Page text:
In a world awash with visual technologies, the curiously named magic lantern – the optical lantern or optical projector – and its fragile glass lantern slides has become largely invisible. Yet this powerful visual medium thrilled audiences around the world with sights, sounds and spectacle on the big screen long before the invention of the cinema.
This book brings to life the story of the magic lantern in colonial Australia and New Zealand. It describes the extraordinarily wide use of magic lantern images and technology across the colonies.
The medium’s repertoire was practically without limits: images were as likely to be culled from the canon of western high art as from a medical textbook or popular sentimental ballads and moral tales, and they ranged in aim from family amusement to serious instruction, religious evangelism and political and commercial promotion.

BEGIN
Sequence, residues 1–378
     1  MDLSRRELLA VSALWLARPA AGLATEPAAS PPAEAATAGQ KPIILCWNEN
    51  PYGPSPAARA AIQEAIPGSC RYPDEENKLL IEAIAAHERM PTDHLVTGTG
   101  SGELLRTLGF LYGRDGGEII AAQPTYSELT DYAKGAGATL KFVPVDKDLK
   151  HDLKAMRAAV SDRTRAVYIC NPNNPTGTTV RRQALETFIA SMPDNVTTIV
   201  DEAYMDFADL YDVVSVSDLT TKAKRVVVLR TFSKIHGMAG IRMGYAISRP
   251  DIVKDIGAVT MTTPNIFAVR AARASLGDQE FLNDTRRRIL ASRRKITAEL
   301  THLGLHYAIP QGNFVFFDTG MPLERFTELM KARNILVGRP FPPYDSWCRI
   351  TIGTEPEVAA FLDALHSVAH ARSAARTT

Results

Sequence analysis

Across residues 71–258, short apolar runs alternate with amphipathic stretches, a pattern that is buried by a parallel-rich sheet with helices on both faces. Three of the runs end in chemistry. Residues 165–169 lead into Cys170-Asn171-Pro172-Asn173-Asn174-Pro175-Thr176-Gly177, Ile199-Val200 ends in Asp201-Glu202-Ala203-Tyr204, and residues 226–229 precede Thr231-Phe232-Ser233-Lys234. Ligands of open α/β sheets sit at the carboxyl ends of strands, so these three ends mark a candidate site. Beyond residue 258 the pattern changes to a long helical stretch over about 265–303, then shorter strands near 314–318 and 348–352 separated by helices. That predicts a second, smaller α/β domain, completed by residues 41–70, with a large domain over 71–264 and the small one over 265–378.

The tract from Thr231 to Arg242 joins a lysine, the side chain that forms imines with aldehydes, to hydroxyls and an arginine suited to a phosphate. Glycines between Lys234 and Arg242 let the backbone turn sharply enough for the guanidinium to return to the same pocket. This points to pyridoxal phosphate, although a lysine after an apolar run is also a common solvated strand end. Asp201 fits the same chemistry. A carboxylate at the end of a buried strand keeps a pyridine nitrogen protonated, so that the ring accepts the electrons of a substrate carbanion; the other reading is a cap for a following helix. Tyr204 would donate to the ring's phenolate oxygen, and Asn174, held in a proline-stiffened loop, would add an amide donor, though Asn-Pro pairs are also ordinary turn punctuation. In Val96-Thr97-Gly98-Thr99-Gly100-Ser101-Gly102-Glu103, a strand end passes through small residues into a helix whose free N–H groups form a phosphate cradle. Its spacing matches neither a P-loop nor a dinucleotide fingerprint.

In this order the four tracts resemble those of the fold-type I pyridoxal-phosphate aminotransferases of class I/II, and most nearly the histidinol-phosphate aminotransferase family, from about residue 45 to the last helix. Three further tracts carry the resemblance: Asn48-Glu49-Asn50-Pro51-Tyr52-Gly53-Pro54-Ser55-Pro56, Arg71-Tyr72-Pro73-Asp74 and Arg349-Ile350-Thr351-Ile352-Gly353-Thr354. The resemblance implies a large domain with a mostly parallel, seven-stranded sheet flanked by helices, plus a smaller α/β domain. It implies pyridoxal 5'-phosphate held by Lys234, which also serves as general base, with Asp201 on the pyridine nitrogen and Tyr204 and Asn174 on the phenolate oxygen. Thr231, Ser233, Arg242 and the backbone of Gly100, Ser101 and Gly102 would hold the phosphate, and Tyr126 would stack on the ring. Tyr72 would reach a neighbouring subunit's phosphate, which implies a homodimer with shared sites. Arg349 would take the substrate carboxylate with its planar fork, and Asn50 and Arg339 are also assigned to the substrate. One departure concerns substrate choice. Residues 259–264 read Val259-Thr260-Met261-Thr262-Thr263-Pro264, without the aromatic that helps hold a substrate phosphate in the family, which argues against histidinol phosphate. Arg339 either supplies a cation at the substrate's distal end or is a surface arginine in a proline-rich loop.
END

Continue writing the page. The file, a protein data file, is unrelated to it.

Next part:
Lantern images were enjoyed by the social and cultural elite and middle and lower socio-economic audiences alike, in cities, country towns and hamlets. The medium lent itself popularly and easily to vulgar jokes, sensational presentations and sober demonstrations of scientific advances or lectures on history and geography.
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